If you aren’t fortunate in having a spouse or best literary friend to beta read your drafts as you write a best-selling novel, here are some tips. I have never rewritten an entire novel starting at a blank page. Instead, I chose a much safer route–safer that is, for my ego.
I usually edit or proofread as I go along. So each day I begin my writing process by going over the previous day’s work. I don’t catch every error this way, but I’m able to stay on top of the story and strengthen my prose, which gets stronger with every chapter. Often times I find out that my ending is spectacular but the beginning of the novel pales in comparison.
If I run across this situation, then I might rewrite the entire first chapter or at least, cut the fat of unneeded dialogue, long sentences, and paragraphs that don’t go anywhere. I also whittle down the description by combining verbs with nouns, something I learned as a journalist years ago. I enjoy sharpening sentences and making them bounce off the page, but when I sharpen sentences then I find I must also sharpen paragraphs.
I look for sentences that clunk along and I either rewrite those sentences or I toss them if they don’t propel the story forward. In fact, any words or sentences that impede the story’s flow ends up in the desktop recycle bin. Next, I look for on-the-nose dialogue and delete it. I clean up phrases that seem redundant when combined with dialogue such as, he shouted, “Darn those Yankees!” Obviously if I’ve used an exclamation mark for punctuation, we already know that the person is shouting.
I then look at sentence structure since good sentences flow into each other and should delight the reader. So if every sentence begins with a noun or pronoun, then I go in and rewrite the sentences adding, “however,” “meanwhile,” “as,” or “Looking in the opposite direction, he scanned the horizon…” In other words, I look for more creative sentence starters beyond the simplistic noun-verb-preposition formula. However, if you are trying to create a staccato effect, then the noun-verb could work when in the right hands.
Next I look at character descriptions to make sure that they are congruent throughout the story so a character doesn’t start out with blonde hair and blue eyes and then six chapters later, she’s a brown-eyed brunette. I’ve actually caught such errors and end up chuckling to myself. This type of problem doesn’t occur if you storyboard your characters ahead of time and you nailed down their physical attributes down to the types of clothing they wear. One man I spoke with about character descriptions told me to cut photographs out of magazines and place them on a board so that I could keep track of my crowd of characters. I love this idea.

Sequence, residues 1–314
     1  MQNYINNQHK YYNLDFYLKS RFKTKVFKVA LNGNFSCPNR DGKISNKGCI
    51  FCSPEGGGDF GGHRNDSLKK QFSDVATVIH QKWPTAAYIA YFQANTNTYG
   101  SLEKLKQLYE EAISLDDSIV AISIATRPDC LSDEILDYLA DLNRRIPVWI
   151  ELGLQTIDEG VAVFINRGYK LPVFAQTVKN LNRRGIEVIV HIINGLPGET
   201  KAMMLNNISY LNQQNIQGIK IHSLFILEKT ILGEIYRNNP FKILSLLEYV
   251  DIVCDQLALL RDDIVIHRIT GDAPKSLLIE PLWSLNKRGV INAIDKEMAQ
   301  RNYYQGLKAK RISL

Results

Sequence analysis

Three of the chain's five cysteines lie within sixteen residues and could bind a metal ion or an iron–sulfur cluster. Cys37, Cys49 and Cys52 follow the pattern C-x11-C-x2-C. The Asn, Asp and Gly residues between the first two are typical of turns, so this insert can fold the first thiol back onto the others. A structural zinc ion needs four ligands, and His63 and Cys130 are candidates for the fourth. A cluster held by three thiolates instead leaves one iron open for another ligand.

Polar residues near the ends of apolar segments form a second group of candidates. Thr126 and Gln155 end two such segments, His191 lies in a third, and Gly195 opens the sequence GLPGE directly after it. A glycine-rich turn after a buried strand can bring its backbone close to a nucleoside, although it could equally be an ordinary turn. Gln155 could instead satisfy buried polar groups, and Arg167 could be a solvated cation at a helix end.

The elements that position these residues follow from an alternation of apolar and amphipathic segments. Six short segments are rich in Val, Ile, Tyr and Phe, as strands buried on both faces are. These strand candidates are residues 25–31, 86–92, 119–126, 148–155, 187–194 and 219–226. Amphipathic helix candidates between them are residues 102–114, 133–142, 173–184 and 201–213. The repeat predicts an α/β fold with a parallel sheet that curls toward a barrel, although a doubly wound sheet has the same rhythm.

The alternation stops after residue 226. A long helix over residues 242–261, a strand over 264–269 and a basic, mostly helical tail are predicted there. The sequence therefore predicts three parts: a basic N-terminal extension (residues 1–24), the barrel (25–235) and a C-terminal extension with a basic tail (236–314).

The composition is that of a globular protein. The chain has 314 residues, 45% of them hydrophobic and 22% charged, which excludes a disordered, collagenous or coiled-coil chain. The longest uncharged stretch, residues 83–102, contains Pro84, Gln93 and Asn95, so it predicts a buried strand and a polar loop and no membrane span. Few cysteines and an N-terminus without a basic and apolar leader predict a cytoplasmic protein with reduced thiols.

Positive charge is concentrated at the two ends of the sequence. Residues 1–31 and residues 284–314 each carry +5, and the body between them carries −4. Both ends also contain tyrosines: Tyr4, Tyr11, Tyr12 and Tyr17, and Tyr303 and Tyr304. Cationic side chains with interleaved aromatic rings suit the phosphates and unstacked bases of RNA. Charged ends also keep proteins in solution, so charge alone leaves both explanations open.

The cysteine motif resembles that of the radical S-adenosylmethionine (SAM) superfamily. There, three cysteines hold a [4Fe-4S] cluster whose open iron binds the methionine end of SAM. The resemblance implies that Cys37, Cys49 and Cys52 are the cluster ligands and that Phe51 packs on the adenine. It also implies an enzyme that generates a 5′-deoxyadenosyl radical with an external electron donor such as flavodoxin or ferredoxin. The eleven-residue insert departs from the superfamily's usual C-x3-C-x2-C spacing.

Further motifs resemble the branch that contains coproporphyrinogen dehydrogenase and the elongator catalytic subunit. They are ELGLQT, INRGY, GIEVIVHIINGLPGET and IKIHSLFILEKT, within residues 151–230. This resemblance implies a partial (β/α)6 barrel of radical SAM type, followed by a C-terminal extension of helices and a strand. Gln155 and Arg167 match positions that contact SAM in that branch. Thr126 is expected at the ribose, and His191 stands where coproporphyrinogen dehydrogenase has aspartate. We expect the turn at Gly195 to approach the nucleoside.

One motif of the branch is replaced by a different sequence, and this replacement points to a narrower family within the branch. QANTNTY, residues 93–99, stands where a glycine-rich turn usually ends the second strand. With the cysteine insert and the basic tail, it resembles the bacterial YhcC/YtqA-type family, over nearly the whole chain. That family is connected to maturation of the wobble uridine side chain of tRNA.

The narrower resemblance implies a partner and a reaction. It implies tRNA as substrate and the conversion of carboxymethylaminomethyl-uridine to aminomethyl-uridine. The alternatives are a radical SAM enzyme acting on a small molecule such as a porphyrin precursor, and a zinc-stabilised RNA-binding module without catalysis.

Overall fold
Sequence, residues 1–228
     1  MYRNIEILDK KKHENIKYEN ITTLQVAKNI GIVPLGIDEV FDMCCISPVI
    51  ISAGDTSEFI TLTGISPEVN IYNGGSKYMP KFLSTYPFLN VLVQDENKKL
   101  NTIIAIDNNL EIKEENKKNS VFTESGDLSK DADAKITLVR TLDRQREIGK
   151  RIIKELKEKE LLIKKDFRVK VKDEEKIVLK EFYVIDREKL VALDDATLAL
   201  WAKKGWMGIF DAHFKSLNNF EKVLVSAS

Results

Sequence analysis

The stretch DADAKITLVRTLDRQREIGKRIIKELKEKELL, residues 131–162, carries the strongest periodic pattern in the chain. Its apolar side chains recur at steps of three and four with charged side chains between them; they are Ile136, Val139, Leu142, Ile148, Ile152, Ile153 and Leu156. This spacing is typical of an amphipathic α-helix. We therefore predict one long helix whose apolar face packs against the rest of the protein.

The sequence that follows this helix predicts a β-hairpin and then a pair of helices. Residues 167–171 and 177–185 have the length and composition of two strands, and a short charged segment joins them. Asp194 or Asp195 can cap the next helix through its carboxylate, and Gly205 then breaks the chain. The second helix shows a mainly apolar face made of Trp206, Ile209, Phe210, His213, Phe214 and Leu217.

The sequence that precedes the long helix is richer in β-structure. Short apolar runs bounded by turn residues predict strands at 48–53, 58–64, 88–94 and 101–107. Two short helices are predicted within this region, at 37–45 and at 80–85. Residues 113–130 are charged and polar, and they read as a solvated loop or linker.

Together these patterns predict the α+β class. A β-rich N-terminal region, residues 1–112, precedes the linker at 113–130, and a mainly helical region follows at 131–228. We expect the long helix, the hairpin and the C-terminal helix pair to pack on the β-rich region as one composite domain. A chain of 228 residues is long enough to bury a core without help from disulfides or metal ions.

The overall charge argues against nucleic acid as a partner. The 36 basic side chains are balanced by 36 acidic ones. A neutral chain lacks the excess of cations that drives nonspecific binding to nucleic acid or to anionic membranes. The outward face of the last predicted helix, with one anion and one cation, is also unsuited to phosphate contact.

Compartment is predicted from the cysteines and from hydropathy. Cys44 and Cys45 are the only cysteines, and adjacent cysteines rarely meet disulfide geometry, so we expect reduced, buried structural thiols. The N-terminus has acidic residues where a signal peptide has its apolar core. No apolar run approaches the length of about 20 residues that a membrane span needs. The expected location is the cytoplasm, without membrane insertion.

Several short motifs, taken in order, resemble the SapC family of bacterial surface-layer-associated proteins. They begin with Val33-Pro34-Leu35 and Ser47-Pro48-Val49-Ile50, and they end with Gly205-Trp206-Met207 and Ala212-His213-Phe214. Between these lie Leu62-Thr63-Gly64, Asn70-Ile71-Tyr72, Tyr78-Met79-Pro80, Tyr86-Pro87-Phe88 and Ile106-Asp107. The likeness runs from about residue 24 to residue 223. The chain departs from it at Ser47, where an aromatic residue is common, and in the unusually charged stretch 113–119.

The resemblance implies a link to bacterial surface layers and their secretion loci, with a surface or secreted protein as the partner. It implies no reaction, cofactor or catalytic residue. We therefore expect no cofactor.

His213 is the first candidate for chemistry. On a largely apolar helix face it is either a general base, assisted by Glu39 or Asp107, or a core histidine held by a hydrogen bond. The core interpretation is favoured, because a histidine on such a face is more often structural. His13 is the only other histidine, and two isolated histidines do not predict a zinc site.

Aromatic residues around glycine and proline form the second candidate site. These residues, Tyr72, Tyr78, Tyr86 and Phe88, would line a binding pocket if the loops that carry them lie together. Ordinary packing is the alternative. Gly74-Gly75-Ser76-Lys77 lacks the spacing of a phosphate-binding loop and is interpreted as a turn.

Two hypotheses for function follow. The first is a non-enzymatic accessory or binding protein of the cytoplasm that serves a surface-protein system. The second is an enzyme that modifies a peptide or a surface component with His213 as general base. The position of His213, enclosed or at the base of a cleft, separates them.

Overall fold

Obviously, if you have a chamber or small cast of characters, then you’ll not run into this problem. I write multiple narrative novels often so I confuse characters with each other. I also recommend storyboards for the plot, timeline, and main events in the story so that you don’t run into story descrepencies down the road. You don’t want the reader scratching her head saying,” Wait a minute, I thought this character was captured in chapter four so how is she captured again in chapter six when she’s already in jail?” It happens.
Last but not least, end every chapter with a page-turner also known as a cliffhanger. I learned this trick when I posted my stories on Authonomy many years ago. This involves cleaning up the last paragraph, often deleting it from each chapter. You can end with dialogue as long as the character asks a question or you can end with, “then she heard a knock at the door, but when she went to answer the door, it wasn’t who she expected.” (Or something to that effect). Basically, your job as an author is to tease the reader and get them to continue to the next chapter.
So start a novel strong and end it on a powerful note. Don’t drop the ball along the way and know your characters and story lines inside out. You’ll know you’ve done this when you can whittle your story down to a single sentence description or to a five minute elevator pitch. And actually, you require a good grasp of your story when you write the synopsis and the shorter pitch. I learned this when I wrote screenplays and it’s not something we learn overnight–takes practice and the help from editors or writing colleagues. (I’ll get to writing pitches in a future post).
Resources that prove helpful during the rewriting process include back issues of writing magazines such as Writer’s Digest or The Writer which you can find at your local library. And speaking of libraries, ask your librarian where they keep writing craft books, which may or may not prove helpful. Some authors prefer freedom from writing dogma and rules. I have found myself rebelling at times.
The more you write (I recommend writing every day, even Sunday), the stronger your writing muscle becomes and you also hone your intuition that serves you in the writing process. After all, a good author goes with the flow.
I am an intuitive coach who specializes in motivating and inspiring artists and other creative types. Sign up for a session at Metaphysics 4 Everyday Living or e-mail me at wholemusicexp at gmail